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An Outsourcing Project Gone Sour
Monday, November 17, 2008

The big business of outsourcing to India is heading for hard times unless Indian companies pay attention to several key issues: product quality, tight project management systems, and on-time delivery.
It is certainly true that Indian companies need to move up the value chain in these trying times. India remains the country with the most SEI CMM Level 5 companies. But these firms need to adhere strictly to key processes and quality standards that will keep them the blue-eyed darling of the tech industry. As the following case study shows, bad things happen when they don’t. This is a “real world” example, and a lesson to study.

LACK OF COORDINATION A well-known software development organization accepted a project outsourced to it by a leading financial company. The proverbial saying that “well begun is half done” unfortunately was paid only lip service in the handling of this endeavor — with harsh results.

From the start, the bagged order was a case of over-commitment. Normally, during contract negotiations, the marketing people consult with the project head to get an accurate estimate of how long it will take to complete the project. In this case, the marketing professional failed to take this step, a case of miscommunication between both parties.

Shouldn’t the project manager have been able to estimate the delivery time accurately? Says a source: “Most of the times here, the project manager is not versed in the technical nitty gritties. If that’s the issue, then he may not be able to estimate the exact time which results in considerable delays.” This happens in the “conceptualization” stage of the project. ANALYSIS STAGE The “analysis” phase of a project is when the contractor gains an understanding of the requirements of the customer. In India, the customer typically does not explain his exact requirements from the stage of conceptualization (blame it on the set of practices followed). In this case, the problem was further compounded because the detailed design documentation processes were not up to the mark. “The process of detailed design documentation is looked down upon by most of the technical people here,” the source says. “And that is the case with most organizations in India.” This can be tackled to some extent by letting the “functional” people in the project take care of the documentation.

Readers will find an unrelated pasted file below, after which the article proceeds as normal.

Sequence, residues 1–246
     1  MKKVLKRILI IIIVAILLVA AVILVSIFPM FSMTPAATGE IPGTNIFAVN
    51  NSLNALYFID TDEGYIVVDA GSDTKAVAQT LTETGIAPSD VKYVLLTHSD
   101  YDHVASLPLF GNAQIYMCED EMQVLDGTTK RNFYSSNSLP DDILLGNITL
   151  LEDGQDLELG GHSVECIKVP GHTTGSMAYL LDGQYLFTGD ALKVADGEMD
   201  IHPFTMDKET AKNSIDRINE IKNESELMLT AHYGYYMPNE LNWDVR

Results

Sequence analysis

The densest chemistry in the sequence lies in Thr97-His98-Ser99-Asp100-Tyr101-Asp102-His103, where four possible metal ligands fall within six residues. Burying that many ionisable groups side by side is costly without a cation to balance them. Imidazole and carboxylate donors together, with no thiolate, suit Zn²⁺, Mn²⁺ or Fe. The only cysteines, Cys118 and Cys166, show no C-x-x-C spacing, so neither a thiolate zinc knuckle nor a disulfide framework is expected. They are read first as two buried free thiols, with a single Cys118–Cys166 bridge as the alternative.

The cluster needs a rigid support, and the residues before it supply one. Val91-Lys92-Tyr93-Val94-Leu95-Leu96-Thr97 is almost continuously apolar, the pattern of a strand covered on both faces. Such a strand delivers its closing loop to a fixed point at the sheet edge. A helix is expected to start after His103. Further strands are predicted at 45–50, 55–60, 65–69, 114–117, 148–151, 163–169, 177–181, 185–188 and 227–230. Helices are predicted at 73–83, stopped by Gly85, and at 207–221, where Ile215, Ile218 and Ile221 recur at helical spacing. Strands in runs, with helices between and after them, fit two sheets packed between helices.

But, he continues, “in relatively smaller organizations like ours, that is not done. So there is no demarcation between ‘technical’ and ‘functional’ people. This results in documentation that the user may not be able to understand, which results in refining the work further, thereby eating up more time. And this is exactly the thing that happened with this project, too.”

IMPLEMENTATION STAGE After all these processes were completed, the customer was not satisfied with the output. The key problems included incoherent documentation and increased complexity with every modification. Relations between customer and contractor quickly soured.

The lesson: process control is critical. In this case, neither organization had an efficient system in place. The result? The project dragged on for more than a year past the original deadlines set during the first stage of the project.

Situations like these can be avoided if better practices are followed and attention is paid to each detail. This naturally would lead to enhanced customer satisfaction — and repeat orders!

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